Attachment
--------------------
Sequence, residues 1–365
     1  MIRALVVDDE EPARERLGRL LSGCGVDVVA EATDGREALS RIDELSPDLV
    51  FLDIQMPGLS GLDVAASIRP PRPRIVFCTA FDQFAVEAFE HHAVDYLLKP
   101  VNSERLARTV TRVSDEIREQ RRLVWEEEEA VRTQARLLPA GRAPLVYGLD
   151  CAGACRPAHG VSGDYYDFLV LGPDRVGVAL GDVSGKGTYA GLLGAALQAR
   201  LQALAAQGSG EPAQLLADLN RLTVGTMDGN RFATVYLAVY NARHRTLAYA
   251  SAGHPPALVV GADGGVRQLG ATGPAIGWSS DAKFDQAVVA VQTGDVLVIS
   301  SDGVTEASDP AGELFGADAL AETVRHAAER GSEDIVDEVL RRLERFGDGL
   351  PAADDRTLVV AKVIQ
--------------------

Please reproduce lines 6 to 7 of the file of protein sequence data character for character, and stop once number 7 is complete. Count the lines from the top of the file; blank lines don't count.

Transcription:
   201  LQALAAQGSG EPAQLLADLN RLTVGTMDGN RFATVYLAVY NARHRTLAYA
   251  SAGHPPALVV GADGGVRQLG ATGPAIGWSS DAKFDQAVVA VQTGDVLVIS